Virgil Winston: Marketing Guru

Summer, and barbeque season, is in full swing and I have been grilling like a mad man every weekend. I’ve grilled up steaks, chicken, hot dogs, brats, sausages, ribs, burgers, vegetables, and have even tried my hand at grilling dessert. Suffice it to say, I am the go to guy in the Winston household when you want something cooked on the grill. As such, I have scoured my brain (and the web) to come up with five hot tips for successful grilling this summer.

1. Safety first. It may seem like a no-brainer, but don’t grill in an enclosed area. Your garage is not the best place to cook up a mess of ribs. Use baking soda, rather than water, to control a grease fire, and be sure to keep a fire extinguisher, bucket of sand, or garden hose near by—just in case.

2. Safety second. Food safety is as important as fire safety—I learned that one the hard way after a rare piece of chicken found it’s way onto my plate. Check for proper doneness with an instant-read thermometer and use separate platters for cooked and raw foods. If you use a marinade as a sauce, the USDA Food Safety and Inspection Service says to either reserve some that hasn’t come in contact with raw foods, or to boil it first to destroy any bacteria.

3. Speaking of sauce, don’t make the rookie mistake of saucing too soon. If you brush on sauces at the beginning of cooking, chances are they will burn and taste less than good when the food is finally done. If you practice patience and wait until the last few minutes to apply sauces, you’ll get a nice glaze instead of a black, charred mess.

4. Give it some room. Leave a small, unheated space on the grill so you’ll have somewhere to move food that is cooking too fast.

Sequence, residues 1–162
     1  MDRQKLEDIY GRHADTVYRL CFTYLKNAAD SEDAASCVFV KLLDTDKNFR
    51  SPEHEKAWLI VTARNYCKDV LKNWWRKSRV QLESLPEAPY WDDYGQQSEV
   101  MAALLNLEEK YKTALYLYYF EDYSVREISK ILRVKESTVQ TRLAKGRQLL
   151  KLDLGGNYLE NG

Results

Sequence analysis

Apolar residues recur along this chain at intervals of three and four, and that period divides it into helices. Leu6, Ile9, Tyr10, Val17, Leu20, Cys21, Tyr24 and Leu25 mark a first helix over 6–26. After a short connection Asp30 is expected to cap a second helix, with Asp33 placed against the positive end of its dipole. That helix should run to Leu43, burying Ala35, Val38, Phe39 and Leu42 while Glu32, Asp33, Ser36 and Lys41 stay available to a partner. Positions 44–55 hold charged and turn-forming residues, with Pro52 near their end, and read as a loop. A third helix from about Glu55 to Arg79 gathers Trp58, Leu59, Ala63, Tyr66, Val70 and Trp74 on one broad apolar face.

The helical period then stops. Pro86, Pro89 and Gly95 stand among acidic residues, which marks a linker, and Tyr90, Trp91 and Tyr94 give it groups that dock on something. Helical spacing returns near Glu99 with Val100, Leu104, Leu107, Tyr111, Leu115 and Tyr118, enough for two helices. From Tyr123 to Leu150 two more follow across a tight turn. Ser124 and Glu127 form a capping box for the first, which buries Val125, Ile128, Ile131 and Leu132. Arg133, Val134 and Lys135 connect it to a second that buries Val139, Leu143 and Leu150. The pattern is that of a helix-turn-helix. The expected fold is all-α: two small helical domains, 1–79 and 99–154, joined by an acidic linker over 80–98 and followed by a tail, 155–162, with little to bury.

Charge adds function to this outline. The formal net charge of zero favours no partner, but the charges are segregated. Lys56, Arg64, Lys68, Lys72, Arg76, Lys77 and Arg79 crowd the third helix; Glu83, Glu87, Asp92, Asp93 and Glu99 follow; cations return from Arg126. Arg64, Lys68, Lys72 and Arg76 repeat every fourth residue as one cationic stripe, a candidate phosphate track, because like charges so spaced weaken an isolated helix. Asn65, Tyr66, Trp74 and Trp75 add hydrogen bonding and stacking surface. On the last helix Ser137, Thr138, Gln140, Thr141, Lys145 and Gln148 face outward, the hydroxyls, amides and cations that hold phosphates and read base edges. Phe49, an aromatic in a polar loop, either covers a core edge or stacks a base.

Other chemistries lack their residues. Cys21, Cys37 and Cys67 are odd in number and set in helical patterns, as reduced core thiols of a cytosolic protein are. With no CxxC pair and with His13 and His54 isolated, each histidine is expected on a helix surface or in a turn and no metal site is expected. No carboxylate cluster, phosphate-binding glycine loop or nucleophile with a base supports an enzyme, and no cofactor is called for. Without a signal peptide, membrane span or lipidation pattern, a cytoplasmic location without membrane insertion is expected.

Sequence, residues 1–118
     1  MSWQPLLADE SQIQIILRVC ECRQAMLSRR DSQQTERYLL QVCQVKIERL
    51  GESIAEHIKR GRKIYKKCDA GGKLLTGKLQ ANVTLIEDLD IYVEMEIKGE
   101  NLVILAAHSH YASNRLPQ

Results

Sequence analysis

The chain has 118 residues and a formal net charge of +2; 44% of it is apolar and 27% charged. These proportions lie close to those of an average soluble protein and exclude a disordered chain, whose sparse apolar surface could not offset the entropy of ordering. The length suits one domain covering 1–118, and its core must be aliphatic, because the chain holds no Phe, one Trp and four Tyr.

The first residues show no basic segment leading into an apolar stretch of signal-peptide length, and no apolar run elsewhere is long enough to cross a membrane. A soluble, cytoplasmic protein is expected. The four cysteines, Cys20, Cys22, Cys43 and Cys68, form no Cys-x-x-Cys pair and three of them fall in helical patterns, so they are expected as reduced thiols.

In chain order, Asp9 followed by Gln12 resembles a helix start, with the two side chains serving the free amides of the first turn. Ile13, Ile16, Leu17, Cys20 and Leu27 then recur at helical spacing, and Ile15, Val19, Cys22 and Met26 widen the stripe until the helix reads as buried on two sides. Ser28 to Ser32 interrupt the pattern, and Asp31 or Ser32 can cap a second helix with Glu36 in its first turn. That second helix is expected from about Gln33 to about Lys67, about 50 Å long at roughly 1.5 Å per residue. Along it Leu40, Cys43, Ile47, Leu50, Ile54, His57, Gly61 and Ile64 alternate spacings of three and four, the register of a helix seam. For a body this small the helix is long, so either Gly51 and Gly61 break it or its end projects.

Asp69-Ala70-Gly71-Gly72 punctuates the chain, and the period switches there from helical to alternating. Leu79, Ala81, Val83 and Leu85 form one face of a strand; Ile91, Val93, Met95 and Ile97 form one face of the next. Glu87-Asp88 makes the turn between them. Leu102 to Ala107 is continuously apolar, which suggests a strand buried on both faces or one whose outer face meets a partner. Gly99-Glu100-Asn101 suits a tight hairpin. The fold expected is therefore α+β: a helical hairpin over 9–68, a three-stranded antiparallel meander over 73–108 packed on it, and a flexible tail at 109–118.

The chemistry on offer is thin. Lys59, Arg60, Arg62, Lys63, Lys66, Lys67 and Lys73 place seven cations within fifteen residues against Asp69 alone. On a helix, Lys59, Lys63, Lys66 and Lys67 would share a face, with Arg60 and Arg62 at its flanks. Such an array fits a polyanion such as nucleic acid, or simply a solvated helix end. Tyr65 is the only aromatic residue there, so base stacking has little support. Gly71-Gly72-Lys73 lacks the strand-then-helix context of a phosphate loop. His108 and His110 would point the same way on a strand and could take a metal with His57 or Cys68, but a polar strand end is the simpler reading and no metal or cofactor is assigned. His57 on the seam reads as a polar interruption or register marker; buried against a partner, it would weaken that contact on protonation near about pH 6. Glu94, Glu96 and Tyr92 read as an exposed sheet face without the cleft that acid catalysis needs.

5. Cleanliness is next to godliness. If you use cooking spray when grilling (before you start the fire), clean up will be much easier. I also clean my grill after every use—it’s easier to cut through the grime when the grill is still warm. If you allow the cooked bits to burn off the inside of your grill every time you use it, you shouldn’t have to work as hard at scrubbing the inside. Simply brush off baked-on grease with a wire grill brush. If you really want to go to town, use warm soapy water and a sponge or dishcloth after brushing.

So there you have it, not quite everything you need to know about grilling. The most important thing to have, besides a grill, is a complete set of tools. The Grill Master Barbeque Kit is complete set for barbequing—including a stainless steel grill brush, spatula, basting brush and tongs. Naturally it comes with one color imprint so you can blend grilling with branding—a winning combination.

Well, I’m off to the races—literally. My son’s summer camp is having a three-legged race and they asked me to MC. Remember, “If you grill it, they will come.”